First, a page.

Promoting a new era (Ep. 11M) (102)
   Išū‘yahb’s attitudes as metropolitan: a summary (105)
   Attitudes toward the Muslim Arabs in an interreligious context (105)
   Conclusion (117)
Chapter Four. Patriarch Išū‘yhab’s positive attitudes toward the Muslim Arabs (119)
   Historical and geographical background: “the southern part of the world” (119)
   Crisis in “the southern part of the world” (122)
   Retaliation against Christians in Fars and Kirmān (126)
   Apostasy of the Christians in Mazūn (127)
   Seeking the support of the secular authority (133)
   The administrative response of the patriarch (138)
   What question did this crisis pose to Patriarch Išū‘yhab III? (139)
   The patriarch’s response to the crisis (141)
   Internal weakness: apostasy and destruction of churches (141)
   Internal weakness: an illegitimate priesthood (143)
   Why remain Christian, and how can apostasy be avoided? True power is that of the saints (149)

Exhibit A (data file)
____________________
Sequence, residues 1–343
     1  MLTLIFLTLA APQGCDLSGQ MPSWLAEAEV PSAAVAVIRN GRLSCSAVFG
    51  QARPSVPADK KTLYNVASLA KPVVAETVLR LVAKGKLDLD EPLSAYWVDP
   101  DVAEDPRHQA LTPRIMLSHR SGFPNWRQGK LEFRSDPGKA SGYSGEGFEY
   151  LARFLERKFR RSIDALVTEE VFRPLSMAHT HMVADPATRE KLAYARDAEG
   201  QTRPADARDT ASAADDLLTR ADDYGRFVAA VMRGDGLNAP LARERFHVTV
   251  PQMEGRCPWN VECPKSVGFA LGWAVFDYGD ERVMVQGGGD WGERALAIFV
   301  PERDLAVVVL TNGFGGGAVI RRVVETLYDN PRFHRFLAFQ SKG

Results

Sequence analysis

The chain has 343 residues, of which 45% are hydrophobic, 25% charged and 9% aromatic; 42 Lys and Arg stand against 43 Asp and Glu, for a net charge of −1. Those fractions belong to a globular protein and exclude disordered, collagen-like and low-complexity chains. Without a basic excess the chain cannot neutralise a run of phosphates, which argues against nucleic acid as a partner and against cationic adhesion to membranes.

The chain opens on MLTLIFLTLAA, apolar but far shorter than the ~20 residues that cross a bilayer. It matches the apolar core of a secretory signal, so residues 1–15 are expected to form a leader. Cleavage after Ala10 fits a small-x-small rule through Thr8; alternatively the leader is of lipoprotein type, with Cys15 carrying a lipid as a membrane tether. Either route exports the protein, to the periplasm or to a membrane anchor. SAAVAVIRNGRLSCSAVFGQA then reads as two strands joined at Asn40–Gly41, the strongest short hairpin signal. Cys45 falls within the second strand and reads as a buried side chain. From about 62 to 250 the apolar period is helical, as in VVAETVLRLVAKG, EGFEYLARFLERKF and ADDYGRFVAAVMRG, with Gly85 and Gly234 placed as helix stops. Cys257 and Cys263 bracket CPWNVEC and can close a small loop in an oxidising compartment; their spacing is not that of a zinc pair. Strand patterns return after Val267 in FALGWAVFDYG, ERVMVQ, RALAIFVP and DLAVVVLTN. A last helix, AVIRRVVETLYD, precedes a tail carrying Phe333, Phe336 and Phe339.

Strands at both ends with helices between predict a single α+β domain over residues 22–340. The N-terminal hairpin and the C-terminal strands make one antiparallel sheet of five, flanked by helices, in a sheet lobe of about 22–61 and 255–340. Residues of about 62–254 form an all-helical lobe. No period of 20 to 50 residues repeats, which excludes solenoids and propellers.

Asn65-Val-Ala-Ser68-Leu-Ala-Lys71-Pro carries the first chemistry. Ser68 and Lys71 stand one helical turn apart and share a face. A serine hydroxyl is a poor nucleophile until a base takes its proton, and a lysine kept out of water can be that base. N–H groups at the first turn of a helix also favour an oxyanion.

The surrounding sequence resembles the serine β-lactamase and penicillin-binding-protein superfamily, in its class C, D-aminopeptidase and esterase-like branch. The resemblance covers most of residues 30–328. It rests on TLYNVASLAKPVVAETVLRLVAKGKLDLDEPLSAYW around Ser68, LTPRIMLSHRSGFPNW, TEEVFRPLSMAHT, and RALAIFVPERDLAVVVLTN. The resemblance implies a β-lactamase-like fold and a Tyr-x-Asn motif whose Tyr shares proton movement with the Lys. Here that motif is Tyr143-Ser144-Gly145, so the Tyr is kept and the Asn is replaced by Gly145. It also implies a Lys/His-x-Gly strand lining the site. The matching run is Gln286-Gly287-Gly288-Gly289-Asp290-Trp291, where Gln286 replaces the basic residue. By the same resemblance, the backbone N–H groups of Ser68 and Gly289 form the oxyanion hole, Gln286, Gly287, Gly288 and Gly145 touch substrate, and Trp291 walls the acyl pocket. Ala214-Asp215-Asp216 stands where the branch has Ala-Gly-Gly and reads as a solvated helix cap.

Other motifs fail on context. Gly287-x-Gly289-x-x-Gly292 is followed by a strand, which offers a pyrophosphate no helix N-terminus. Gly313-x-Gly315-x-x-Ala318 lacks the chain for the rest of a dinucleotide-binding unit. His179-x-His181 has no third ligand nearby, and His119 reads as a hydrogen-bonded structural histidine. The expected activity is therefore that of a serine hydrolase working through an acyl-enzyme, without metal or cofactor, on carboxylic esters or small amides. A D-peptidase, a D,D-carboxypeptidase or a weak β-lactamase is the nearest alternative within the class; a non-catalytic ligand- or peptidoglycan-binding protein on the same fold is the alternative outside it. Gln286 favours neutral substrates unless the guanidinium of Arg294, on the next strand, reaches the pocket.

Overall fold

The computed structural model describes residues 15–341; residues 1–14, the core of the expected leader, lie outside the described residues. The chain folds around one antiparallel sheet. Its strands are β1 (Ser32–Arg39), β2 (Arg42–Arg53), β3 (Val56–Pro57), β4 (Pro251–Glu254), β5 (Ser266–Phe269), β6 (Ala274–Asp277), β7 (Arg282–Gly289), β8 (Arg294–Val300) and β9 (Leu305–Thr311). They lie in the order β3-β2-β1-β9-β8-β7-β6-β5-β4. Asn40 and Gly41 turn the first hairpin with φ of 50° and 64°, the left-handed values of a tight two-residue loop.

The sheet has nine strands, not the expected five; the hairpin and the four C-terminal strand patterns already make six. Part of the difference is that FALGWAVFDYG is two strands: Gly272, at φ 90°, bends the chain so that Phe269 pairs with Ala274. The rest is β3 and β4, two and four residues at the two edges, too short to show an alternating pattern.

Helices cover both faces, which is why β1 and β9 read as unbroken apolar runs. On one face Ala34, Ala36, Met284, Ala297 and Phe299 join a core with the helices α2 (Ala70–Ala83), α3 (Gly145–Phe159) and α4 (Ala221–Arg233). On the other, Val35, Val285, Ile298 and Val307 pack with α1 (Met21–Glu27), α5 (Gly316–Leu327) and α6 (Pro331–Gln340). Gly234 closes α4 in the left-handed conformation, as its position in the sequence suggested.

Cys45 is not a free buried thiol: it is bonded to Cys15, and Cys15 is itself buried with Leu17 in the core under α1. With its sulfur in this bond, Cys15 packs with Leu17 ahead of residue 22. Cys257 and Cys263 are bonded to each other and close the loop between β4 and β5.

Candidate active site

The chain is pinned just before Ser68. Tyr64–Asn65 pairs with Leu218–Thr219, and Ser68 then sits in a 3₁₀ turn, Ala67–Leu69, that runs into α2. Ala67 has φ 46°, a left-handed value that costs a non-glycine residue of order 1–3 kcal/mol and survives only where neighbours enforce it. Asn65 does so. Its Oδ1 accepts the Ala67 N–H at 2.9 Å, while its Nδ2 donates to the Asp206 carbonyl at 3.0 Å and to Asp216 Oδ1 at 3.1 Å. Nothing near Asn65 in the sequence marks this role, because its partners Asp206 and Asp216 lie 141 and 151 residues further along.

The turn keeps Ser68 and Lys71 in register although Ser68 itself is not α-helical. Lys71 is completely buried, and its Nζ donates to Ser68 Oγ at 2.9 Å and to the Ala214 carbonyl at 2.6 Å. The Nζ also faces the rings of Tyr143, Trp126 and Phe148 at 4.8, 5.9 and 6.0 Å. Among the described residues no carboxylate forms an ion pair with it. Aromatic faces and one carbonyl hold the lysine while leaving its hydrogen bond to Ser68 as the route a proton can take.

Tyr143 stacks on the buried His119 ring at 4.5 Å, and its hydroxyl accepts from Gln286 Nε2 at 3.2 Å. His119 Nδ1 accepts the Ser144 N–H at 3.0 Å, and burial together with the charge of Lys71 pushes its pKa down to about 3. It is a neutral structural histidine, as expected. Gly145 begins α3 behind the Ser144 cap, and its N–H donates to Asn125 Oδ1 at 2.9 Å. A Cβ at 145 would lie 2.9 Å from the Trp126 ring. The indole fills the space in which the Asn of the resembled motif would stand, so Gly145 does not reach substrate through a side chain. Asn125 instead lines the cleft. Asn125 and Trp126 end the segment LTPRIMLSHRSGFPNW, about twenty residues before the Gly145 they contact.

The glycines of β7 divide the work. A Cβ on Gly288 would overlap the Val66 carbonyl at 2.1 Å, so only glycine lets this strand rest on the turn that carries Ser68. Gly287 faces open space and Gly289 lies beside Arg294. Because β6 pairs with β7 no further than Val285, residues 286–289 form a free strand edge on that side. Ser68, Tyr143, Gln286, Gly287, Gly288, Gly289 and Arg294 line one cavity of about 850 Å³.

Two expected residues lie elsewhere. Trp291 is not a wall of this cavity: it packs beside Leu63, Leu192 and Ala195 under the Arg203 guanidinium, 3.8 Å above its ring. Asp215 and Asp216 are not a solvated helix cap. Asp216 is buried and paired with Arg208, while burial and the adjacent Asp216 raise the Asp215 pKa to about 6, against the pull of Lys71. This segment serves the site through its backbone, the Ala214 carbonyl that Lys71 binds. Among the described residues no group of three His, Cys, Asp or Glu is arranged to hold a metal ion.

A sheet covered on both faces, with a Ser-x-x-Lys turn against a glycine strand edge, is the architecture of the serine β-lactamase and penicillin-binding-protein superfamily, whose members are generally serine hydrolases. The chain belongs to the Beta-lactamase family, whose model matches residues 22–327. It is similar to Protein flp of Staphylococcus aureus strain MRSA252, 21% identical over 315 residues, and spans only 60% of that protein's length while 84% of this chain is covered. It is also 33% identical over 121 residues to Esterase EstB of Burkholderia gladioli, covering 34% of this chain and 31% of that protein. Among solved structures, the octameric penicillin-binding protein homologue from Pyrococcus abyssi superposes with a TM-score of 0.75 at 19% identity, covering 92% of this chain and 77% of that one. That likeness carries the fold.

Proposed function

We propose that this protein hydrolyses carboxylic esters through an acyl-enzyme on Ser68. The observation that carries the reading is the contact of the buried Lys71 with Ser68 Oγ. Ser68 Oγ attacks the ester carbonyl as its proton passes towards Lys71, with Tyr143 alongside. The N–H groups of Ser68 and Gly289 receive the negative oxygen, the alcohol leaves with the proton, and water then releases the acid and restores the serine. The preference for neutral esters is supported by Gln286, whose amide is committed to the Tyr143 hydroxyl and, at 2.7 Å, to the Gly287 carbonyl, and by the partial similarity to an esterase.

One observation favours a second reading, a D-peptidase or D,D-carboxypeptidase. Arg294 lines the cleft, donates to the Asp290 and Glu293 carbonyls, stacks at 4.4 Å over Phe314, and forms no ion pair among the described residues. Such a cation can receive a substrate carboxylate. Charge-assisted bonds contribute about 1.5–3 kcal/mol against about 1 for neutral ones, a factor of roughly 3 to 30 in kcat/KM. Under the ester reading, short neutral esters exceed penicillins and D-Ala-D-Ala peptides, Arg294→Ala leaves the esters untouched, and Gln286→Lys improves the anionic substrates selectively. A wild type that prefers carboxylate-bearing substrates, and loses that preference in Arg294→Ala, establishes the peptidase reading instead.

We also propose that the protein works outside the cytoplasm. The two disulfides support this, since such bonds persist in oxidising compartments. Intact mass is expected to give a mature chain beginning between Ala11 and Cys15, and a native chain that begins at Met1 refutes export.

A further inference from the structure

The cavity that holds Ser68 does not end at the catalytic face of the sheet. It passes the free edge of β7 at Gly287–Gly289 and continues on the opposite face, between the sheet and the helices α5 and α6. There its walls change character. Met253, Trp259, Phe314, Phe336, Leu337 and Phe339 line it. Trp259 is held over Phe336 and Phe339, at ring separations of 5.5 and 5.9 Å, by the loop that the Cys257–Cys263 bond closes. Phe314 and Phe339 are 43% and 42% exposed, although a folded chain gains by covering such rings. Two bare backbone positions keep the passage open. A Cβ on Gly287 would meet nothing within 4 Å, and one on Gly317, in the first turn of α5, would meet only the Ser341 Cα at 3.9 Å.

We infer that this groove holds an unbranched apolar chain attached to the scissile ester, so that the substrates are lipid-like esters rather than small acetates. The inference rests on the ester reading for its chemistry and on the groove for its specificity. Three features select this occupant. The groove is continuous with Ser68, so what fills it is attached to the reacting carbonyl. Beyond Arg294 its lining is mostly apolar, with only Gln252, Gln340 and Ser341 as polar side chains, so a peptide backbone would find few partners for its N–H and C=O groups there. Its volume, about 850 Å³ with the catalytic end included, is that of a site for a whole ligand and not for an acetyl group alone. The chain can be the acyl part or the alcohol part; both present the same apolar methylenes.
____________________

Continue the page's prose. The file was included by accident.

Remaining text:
Parallels and echoes from the past (151)
   Can the “deceiver” be identified with a historical figure? (153)
   The Life of Patriarch Sabrīšū‘ (d. 604) (154)
   Sabrīšū‘ battling and defeating the devil in and around Radan (155)
   A positive image of the Arabs (159)
   Conclusion (166)
Conclusion (167)
   Reassessment of the chronology (167)
   Comprehensive and historical analysis of Išū‘yahb’s developing view of the Muslim Arabs (168)
   The importance of hagiography and a specific hagiographical text in Išū‘yhab’s view of the Muslim Arabs (169)
Bibliography (171)
   Primary sources (171)
   Secondary sources (173)
Index of Personal Names (187)

Customers who bought this item also bought

Rest in Mesopotamian and Israelite Literature

ISBN: 978-1-4632-0709-0
Rest in Mesopotamian and Israelite Literature studies the concept of rest in the Hebrew Bible and ancient Near Eastern literature. Through close examination of Mesopotamian texts and selections from the Deuteronomistic History and Chronicles, Kim delineates a concept of rest for each body of literature, and employs a comparative approach to illuminate the rest motif in the Hebrew Bible in light of Mesopotamian literature.